A supermodel gets a super contract

Faithful readers of fashion magazines no doubt noticed the dual stories in September's Glamour and Vogue celebrating the personal style -- and the big new Revlon contract -- of supermodel Veronica Webb.

So what's so different about another model getting an exclusive contract with a huge cosmetics company? Christy has Maybelline, Cindy and Claudia have Revlon, Paulina has Estee Lauder and Vendela has Elizabeth Arden.


Veronica Webb is the first black model to join the club.

With the launch of Revlon's new line -- ColorStyle, targeted principally at black women -- Ms. Webb is set to become a high-profile role model of black beauty. Not content to be just a pretty face, Ms. Webb is planning to use the job as a way to help the black community.


"One thing that really attracted me to the project is there's also some very substantive things we want to do for black communities around the country, and there are a couple of projects planned," says Ms. Webb, 27. "What I would like to do is do some work at Revlon for the community that would leave behind something that would affect young people for a generation."

Revlon's vice president of marketing, Jerri Baccus Glover, says that Revlon has the same goal. "Revlon and Veronica totally agree in terms of the approach we're taking for the campaign. We're going to have a very strong community approach. We really want to do these type of [social] programs going forward so Revlon is not just taking money out of the community but putting it back in."

Ms. Webb was chosen from 30 black models because of her knowledge of social issues and intelligence, says Jerri Glover. "We were really looking for a complete person. Revlon wanted a person who had a lot of outside interests and who represented a modern African-American woman. We thought she was a good role model for young people."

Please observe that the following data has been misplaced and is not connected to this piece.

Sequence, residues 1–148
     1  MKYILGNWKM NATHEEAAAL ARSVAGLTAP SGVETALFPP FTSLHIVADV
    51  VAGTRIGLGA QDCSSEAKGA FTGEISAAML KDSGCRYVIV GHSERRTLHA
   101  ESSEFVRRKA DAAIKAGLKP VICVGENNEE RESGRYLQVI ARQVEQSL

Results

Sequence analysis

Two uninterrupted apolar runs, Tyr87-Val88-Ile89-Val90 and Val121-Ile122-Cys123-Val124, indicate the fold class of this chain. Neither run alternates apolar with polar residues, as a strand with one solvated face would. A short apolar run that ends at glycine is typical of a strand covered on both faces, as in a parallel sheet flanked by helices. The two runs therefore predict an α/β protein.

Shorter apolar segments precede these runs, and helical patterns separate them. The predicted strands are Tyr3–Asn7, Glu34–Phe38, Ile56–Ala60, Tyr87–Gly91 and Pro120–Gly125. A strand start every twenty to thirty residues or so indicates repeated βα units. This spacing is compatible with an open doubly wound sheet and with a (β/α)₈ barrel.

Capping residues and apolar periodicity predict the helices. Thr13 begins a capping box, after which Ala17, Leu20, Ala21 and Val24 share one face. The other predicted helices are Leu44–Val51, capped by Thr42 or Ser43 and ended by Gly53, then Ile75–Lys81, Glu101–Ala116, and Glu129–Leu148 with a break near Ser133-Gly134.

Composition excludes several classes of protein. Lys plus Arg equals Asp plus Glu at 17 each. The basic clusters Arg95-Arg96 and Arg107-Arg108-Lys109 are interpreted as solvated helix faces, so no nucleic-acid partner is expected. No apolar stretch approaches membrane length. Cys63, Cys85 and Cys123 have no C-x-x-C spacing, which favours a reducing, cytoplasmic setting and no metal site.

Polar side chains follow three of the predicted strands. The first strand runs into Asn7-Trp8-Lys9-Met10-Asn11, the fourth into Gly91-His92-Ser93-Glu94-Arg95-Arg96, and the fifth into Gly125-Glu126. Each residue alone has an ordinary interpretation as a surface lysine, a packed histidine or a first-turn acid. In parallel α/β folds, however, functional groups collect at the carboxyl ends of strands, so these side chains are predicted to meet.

"There's a lot of things that Veronica's got going besides being beautiful," says Joe Hunter, executive vice president of Ford models, Ms. Webb's agency. "The difference between a good model and a great model is a great model has a lot of different facets to her. . . .

"Not only is she going to look good in pictures, but if someone asks her a question she's going to be able to answer them intelligently."

Veronica Webb's talents are many. In addition to writing and acting, she also serves as a muse to designer friends Isaac Mizrahi and Azzedine Alaia. Ms. Webb contributes to Interview, Details and Elle and explores issues close to her heart in a regular column in Paper magazine. She also acted in "Jungle

Fever" and will appear in "Malcolm X," even though she says an acting career is no longer a goal.

In the past, a cosmetic contract has been the pinnacle of a model's career. No more catwalks, no more constant traveling. But Ms. Webb is planning to continue both her writing and her runway careers.


xTC "People think a girl gets a contract and it's this amazing Cinderella story and she's scot-free. On one hand it's true, but on another hand it's an enormous responsibility because of what Revlon spends on the product. This industry has been extremely kind to me, and I've had people who've stuck by me. I'm definitely going to keep working with my designers and my photographers," Ms. Webb says.

She says that her cosmetic contract goes beyond what it means to her career, beyond what it means to have another makeup line for minority women, and beyond what it means to a top cosmetic company. The possibilities this move holds for both black models and black women is significant, says Ms. Webb.

"In business everything operates on precedent. If this works, and so far we're having enormous response, other companies will be compelled by our success to do the same thing, and that will create more jobs for black women," says Ms. Webb.

Mr. Hunter agrees. "I hope every cosmetic company will get smart and get on the bandwagon."